Canal du Midi Tours


Canal du Midi Tours take you away from a world of busy lives to a world where time seems to stand still.

Tourists around the world come to enjoy the many scenic beauties along the historic, UNESCO World Heritage Canal du Midi.

Canal du Midi Tours are an idyllic barge holiday via a panoramic backdrop of history, breathtaking landscapes, gastronomic regional delights and tranquil surroundings.

Along its quiet waterways, walking paths and bike trails you can look for miles and see so many beautiful things.

Canal du Midi Tours will take you on a journey through market towns and medieval, picture-perfect castles, vineyards and wineries all surrounded by scenic delights.

The breathtaking landscapes of the French countryside line the Canal du Midi as it winds though canal side villages with their open-air markets and cafes and restaurants serving their traditional regional cuisine.

Canal du Midi History

The Canal du Midi (canal of the two seas) is a 241 km (150 mi) UNESCO World Heritage Site in Southern France.

Originally named the Canal royal en Languedoc (Royal Canal in Languedoc), the French revolutionaries renamed it Canal du Midi in 1789.

The Canal, with 99 locks and 130 viaducts, was constructed to connect the Atlantic Ocean with the Mediterranean and was considered one of the greatest engineering triumphs  of the 17th century. 

It was the Romans who first had the idea of building a waterway to join the Atlantic and the Mediterranean but it was Pierre-Paul Riquet, the French engineer who made the Canal Royal de Languedoc (as it was then known) a reality.   

The aim for the construction of the canal was to transport wheat, wine and textiles.

Construction began in 1667  under the reign of Louis XIV and it took 12,000 people which included 1,000 peasant women labourers from the Pyrenees to make it a reality.

It opened on May 15th 1681 and, for 200 years, it served as the main export route until rail came along.

Rick Stein's French Odyssey

Famous English chef Rick Stein, journeyed aboard the barges 'Rosa' and ‘Anjodi’, from Bordeaux to Marseille in his acclaimed television series, French Odyssey exploring French culinary tradition via the idyllic waterways of the Canal des Deux Mers and the combined Canal de Garonne and Canal du Midi.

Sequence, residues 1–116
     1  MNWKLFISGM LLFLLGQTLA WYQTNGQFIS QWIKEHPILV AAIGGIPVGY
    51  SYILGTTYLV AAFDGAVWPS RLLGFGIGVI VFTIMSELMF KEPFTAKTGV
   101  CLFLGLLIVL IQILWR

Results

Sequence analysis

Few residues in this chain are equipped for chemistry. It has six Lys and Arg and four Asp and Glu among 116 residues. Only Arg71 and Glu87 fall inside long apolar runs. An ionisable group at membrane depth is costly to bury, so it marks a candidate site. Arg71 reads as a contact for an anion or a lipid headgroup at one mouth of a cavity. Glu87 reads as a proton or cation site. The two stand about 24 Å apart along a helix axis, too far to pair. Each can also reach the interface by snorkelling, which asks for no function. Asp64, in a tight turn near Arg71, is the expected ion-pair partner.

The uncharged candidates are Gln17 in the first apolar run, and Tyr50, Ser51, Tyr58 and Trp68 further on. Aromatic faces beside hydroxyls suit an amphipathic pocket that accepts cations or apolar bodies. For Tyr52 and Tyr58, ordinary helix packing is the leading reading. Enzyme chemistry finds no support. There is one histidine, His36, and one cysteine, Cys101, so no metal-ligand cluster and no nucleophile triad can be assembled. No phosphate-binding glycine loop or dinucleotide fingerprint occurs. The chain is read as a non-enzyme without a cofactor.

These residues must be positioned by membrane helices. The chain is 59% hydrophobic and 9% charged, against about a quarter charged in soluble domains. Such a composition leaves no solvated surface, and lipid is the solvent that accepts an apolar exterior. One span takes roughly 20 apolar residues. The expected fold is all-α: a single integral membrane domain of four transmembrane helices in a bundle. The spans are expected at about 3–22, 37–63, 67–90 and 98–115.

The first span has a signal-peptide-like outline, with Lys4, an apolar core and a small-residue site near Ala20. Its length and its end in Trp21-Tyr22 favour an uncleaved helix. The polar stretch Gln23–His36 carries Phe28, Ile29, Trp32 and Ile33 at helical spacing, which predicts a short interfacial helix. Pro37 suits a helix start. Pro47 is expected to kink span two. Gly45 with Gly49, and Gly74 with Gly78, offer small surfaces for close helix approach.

The Rosa was built in Dedemsvaart, the Netherlands in 1907 and converted to a hotel barge in 1990 sailing on the Canal des Deux Mers between Toulouse and Bordeaux.

Anjodi was built in Groningen, Netherlands in 1929 as a trading barge carrying grain. 

It was refitted in 1982 as a hotel barge to ply on the Canal du Midi in south-west France.

Rick Stein's culinary journey included Mas d’Agenais, Colombe-en-Bruilhois, Agen, Fongrave, Valence d’Agen, Moissac, Toulouse, Castelnaudary, Carcassonne, Trebes, Narbonne, Argeliers, Agde, Marseillan, Sete, Aigues–Mortes, Arles and Marseille.

Colombe-en-Bruilhois

Colombe-en-Bruilhois in south west France is where the internationally renowned Kitchen-at-Camont of cookery writer and teacher, Kate Hill is located and where students from around the world come to learn or gain hands-on experience on the art of French cooking.

Rick Stein cooked favorite regional dishes in Kate Hill's kitchen in his world-famous French Odyssey,

Cassoulet

The region of Languedoc in the south-west France is the traditional homeland of cassoulet.

Toulouse and Carcassonne have claimed the dish but, Castelnaudary it is said to have originated.

Cassoulet is the iconic, slow-cooked casserole containing meat (pork sausages, duck or goose confit, and sometimes mutton) and white beans (haricots blancs or lingots).

Originally, a humble peasants dish, it was named after the traditional cassole or cassolo, a deep, round, earthenware pot.

Carcassonne

Carcassonne is a a Unesco World Heritage Site famous for its medieval fortified, hilltop town and medieval citadel, La Cité, with its watchtowers and double-walled fortifications in Languedoc's southern France’s region on the right bank of the Aude  .

Celts occupied the area and built a fort about 500 BC

Romans occupied the hilltop when they conquered Gaul in 100 B C and also built a fort.

In the fifth century, the Visigoths founded the city.

Besides tourism, manufacturing and wine-making are also important. 

Narbonne

Narbonne, on the Canal de la Robine which runs through the center of town is linked to the nearby Canal du Midi and the Aude River.

Established by the Romans in 118 BC, as Colonia Narbo Martius (Narbo), it was located on the Via Domitia, the first Roman road in Gaul connecting Italy to Spain.

Narbonne's attractions include the Fontfroide Abbey a former Cistercian monastery. 

Narbonne Cathedral, a former cathedral, and national monument is dedicated to Saints Justus and Pastor.

The Archbishop's Palace is a must see for history enthusiasts. 

La Nouvelle branch, a 37.3-kilometre lateral branch of the Canal du Midi in Aude which runs from the Canal du Midi through Narbonne and on to the Mediterranean.

The Horreum dating back to Roman times of the first century BC are underground warehouses from the town’s days as a Roman port.

Narbonne plage is a seaside resort and marina. 


Canal du Midi Tours

Canal du Midi Tours are a never failing source of pleasure and visual delights in an Uncrowded, tranquil environment.

Canal du Midi Tours are a dream for those who want to get away even, for just a few days from from the hustle and bustle of city life. 

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The Keen Traveler

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